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Andrew Walsh - Nights on KIRO Radio
Andrew Walsh

How do you survive talking politics with family?

Taken from Wednesday's edition of The Andrew Walsh Show.

This may be my favorite political ad I've ever seen. I am obviously the target for it. I am the type of person this ad is supposed to work on, and it does work on me.

For this ad, the candidate explains right off the bat that he is a huge liberal, a real, real lefty liberal and his dad, not so much.

"I'm Carl Sciortino and I'll never forget that conversation with my dad, where I had to come out and tell him that I was a Massachusetts liberal. Dad is in the tea party."

That ad features Carl Sciortino and his tea party dad. I thought it was absolutely adorable.

But I wonder how these guys got to where they are. I think most people in families where there is just totally opposite points of view when it comes to politics, especially between parents and children, I think that usually the agreement most people have is we don't talk about it. We just don't. We just try to avoid those topics altogether.

But clearly, these guys don't, at least not for the sake of this ad. Obviously, this guy is proud of his son and he wants to see him get elected. He wants to see him rise to the highest heights that he can personally.

But I wonder if they also just have a relationship where both of these guys are hugely into politics and talk about it. If you're a member of the tea party, you're not just casual about it. So, I wonder how they broach those issues.

I think about my relationship with my own dad. My dad is probably one of my favorite people in the world. I could not imagine a better dad, and I love talking to him.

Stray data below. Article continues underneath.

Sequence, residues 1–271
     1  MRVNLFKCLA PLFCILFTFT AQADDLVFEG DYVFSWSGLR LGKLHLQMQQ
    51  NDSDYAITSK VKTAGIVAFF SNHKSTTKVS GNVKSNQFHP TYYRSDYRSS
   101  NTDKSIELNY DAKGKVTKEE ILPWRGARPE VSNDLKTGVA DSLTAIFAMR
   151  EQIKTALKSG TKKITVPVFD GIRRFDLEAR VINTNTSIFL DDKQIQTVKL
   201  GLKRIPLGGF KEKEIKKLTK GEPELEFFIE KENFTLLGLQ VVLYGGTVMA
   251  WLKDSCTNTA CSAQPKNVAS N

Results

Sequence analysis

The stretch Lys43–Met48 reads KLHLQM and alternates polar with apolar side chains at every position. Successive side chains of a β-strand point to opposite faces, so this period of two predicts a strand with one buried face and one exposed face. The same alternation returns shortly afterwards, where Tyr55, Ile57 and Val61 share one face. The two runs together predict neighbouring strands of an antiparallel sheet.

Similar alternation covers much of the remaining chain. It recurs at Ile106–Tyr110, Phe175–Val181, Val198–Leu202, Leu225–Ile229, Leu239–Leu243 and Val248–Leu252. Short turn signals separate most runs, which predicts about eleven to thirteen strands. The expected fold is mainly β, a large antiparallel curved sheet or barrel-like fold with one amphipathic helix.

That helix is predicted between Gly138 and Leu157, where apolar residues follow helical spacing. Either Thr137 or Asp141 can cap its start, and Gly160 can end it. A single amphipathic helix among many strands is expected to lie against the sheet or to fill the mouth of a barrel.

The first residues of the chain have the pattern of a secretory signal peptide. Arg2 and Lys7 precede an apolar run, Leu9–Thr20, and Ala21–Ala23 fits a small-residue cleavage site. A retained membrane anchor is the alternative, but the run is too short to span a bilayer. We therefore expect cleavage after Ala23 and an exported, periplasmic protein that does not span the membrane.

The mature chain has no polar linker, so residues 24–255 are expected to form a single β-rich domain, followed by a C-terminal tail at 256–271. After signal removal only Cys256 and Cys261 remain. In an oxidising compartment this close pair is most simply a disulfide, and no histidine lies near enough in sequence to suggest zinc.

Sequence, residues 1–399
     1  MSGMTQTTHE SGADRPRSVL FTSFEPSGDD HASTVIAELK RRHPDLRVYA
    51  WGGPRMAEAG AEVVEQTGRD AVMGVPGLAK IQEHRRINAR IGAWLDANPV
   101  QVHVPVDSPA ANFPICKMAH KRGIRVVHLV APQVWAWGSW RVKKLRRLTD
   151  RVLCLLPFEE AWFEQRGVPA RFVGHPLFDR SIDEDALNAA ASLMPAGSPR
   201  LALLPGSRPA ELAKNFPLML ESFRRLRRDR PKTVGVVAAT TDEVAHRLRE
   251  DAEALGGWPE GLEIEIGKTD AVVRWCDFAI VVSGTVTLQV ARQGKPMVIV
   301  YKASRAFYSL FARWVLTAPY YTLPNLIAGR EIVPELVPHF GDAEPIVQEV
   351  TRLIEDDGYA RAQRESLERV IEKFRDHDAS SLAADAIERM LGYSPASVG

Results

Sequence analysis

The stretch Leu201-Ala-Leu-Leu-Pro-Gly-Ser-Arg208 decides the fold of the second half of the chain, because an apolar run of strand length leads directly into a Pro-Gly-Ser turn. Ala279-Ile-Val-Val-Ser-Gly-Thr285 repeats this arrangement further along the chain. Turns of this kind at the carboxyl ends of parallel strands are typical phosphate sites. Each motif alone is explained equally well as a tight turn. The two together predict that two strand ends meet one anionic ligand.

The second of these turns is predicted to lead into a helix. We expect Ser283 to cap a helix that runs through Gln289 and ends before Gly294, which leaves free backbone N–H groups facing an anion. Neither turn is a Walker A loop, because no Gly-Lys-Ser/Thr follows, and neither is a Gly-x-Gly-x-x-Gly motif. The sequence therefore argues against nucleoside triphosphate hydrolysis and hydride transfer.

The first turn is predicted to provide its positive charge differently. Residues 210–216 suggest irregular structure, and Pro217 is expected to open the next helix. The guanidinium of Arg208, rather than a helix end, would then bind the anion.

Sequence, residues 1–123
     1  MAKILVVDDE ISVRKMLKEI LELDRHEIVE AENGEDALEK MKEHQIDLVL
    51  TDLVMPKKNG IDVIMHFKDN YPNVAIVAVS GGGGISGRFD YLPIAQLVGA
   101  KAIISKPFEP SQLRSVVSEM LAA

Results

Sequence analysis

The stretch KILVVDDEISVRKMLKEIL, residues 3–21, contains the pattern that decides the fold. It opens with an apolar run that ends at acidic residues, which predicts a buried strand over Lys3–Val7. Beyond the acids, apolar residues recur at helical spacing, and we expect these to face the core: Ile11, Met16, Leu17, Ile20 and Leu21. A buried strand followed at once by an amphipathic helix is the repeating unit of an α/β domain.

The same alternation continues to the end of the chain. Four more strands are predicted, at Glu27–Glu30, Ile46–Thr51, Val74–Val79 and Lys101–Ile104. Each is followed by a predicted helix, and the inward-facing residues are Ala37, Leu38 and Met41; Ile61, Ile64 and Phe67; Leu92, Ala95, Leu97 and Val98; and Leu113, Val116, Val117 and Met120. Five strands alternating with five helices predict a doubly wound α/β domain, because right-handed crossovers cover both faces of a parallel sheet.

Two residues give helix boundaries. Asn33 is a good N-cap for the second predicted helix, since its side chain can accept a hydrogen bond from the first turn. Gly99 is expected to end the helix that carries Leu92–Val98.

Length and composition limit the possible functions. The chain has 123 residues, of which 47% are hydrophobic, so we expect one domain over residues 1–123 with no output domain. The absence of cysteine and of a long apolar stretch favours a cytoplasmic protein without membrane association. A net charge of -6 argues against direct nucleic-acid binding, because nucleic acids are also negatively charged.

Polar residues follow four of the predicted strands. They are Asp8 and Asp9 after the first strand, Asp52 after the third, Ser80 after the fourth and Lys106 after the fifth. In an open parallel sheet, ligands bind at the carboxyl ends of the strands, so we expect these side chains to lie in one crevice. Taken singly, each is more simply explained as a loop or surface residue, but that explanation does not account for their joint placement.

He lives in Ohio still so we talk once maybe every couple of weeks, maybe an hour conversation to catch up on everything. But we rarely get into the politics because he's super conservative.

Over the years, I probably get more liberal every day. Because of that, we just avoid talking politics.

It does come up every now and then, and there are certain issues that are just not quite as personal. If you are more conservative when it comes to small businesses and you don't agree with me on the mandatory minimum wage, we can talk about that because I understand where you're coming from. I disagree with you, but I understand it's just a position you have.

It's the social things I just can't be calm about. When you're talking about anybody being treated unfairly by society, when you're talking about any issues related to equality, gay equality, equality for women, all of these things, I take it so personally. I can't even enter those conversations with my family.

I think this ad raises an interesting question about how families talk about politics. Have you figured out a way to talk about politics with family members that have opposing views, or is it better to just leave it out of the relationship?

Taken from Wednesday's edition of The Andrew Walsh Show.

JS

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